BACKGROUND: Primary sclerosing cholangitis (PSC) is a slowly progressive liver disease. Reliable biomarkers to predict outcome are urgently needed to serve as surrogate endpoints and/or stratifiers in clinical trials. Reduction of serum alkaline phosphatase (ALP) has been proposed as prognostic surrogate marker in PSC. The aim of this study was to asses if ALP at diagnosis (T0), 1 year later (T1), and percentage change between both time points holds prognostic value, and to determine the optimal threshold.
METHODS: We retrospectively collected ALP levels at T0 and T1 for patients included in a large PSC cohort. The association of ALP at T0, T1, and percentage change with the combined endpoint (PSC-related death, liver transplantation) was analysed. Predictive value was determined using C-statistics.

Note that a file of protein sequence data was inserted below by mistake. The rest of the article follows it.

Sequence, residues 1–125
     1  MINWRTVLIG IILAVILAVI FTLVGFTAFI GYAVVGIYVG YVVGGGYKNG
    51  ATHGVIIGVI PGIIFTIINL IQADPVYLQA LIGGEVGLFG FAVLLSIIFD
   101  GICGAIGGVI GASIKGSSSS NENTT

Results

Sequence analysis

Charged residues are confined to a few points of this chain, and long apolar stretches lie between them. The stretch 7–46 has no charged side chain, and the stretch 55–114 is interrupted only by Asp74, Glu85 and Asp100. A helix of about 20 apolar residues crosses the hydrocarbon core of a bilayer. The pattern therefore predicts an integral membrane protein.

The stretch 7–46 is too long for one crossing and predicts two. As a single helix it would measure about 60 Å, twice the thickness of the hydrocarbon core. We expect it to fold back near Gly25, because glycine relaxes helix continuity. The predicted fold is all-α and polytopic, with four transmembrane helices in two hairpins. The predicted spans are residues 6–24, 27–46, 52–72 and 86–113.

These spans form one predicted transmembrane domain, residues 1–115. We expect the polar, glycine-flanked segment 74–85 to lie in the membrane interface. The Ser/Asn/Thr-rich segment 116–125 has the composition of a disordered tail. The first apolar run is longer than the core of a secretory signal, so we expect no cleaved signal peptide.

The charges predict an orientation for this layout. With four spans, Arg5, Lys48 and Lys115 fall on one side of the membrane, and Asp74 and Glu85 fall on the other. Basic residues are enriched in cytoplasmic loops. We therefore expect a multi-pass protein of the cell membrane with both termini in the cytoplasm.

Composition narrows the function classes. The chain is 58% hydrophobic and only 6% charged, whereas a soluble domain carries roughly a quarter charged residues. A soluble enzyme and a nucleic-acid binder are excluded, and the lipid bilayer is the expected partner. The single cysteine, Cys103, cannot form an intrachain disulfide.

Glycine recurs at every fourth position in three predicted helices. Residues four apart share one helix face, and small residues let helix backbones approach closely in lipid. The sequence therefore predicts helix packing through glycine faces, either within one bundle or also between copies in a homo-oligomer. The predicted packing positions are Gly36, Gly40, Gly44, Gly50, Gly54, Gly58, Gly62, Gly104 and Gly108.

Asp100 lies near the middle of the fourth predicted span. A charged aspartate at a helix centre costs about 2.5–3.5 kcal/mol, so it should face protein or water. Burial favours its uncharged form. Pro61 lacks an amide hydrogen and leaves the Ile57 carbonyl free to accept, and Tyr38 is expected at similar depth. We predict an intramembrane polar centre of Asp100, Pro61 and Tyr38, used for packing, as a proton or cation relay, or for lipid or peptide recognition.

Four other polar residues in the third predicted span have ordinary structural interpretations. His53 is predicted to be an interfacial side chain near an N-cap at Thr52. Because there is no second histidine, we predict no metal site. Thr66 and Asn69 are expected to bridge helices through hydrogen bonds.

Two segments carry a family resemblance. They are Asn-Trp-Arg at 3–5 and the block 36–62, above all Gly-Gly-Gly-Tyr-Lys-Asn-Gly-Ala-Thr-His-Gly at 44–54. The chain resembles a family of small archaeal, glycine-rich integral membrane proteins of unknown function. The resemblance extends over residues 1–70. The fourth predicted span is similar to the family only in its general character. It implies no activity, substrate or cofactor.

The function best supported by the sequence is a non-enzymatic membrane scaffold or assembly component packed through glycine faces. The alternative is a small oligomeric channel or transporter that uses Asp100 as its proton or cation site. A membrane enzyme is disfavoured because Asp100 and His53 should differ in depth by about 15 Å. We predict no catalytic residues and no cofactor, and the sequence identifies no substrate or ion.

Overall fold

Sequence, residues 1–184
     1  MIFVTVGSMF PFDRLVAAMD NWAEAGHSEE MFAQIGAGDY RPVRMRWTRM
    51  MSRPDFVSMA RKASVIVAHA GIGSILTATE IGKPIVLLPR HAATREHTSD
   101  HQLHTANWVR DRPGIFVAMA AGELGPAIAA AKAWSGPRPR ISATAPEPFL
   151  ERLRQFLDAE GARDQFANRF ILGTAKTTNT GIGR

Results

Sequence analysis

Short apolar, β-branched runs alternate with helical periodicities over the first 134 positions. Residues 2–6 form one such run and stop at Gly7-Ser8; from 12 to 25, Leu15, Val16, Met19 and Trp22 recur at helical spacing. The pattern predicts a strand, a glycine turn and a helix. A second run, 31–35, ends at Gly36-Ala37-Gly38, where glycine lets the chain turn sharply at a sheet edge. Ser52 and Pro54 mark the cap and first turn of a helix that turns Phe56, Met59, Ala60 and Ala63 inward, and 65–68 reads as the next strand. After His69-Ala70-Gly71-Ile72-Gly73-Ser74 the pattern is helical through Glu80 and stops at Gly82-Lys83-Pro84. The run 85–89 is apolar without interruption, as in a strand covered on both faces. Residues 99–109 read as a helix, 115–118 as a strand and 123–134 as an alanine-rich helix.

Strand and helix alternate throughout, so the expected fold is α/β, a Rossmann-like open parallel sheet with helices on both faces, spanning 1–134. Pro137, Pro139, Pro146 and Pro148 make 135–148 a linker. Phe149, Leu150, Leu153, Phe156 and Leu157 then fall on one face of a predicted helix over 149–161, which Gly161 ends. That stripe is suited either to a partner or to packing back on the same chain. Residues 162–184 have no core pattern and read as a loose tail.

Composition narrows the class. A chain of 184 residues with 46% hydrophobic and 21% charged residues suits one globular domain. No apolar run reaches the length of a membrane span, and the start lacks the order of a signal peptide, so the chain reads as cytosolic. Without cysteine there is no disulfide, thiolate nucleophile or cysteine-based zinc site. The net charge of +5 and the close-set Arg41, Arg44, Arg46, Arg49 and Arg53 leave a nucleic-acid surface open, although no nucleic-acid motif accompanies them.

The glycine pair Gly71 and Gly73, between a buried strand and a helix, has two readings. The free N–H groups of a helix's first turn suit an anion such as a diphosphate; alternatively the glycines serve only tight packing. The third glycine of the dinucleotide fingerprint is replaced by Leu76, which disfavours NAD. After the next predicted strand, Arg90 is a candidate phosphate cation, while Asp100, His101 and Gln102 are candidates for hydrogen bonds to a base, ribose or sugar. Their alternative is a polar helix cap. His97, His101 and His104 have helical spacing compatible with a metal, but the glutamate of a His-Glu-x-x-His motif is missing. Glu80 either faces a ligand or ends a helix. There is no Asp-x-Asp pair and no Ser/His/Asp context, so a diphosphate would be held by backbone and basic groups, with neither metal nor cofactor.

RESULTS: 366 patients were included, of whom 66 (18%) reached an endpoint: 26 (7%) PSC-related death, 40 (11%) liver transplantation. At T0 and T1, 84% used ursodeoxycholic acid. A positive association was observed between level of ALP at T0 and T1 and the hazard of reaching an endpoint, up to values around 2.5 times upper limit of normal (xULN). A larger decrease in ALP between T0 and T1 decreased the event rate. A range of thresholds (0.5-3xULN) with about similar C-statistics was found. In this cohort, the optimal threshold was 1.3xULN at T1.
CONCLUSION: ALP can be used to discriminate between PSC patients with a good and a poor prognosis. These findings indicate that ALP can serve as stratifier, and potentially as surrogate endpoint for clinical trials in PSC. This article is protected by copyright. All rights reserved.
- alkaline phosphatase
- Primary sclerosing cholangitis
- surrogate endpoint
- PRIMARY BILIARY-CIRRHOSIS
- SURROGATE END-POINTS
- URSODEOXYCHOLIC ACID
- BIOCHEMICAL RESPONSE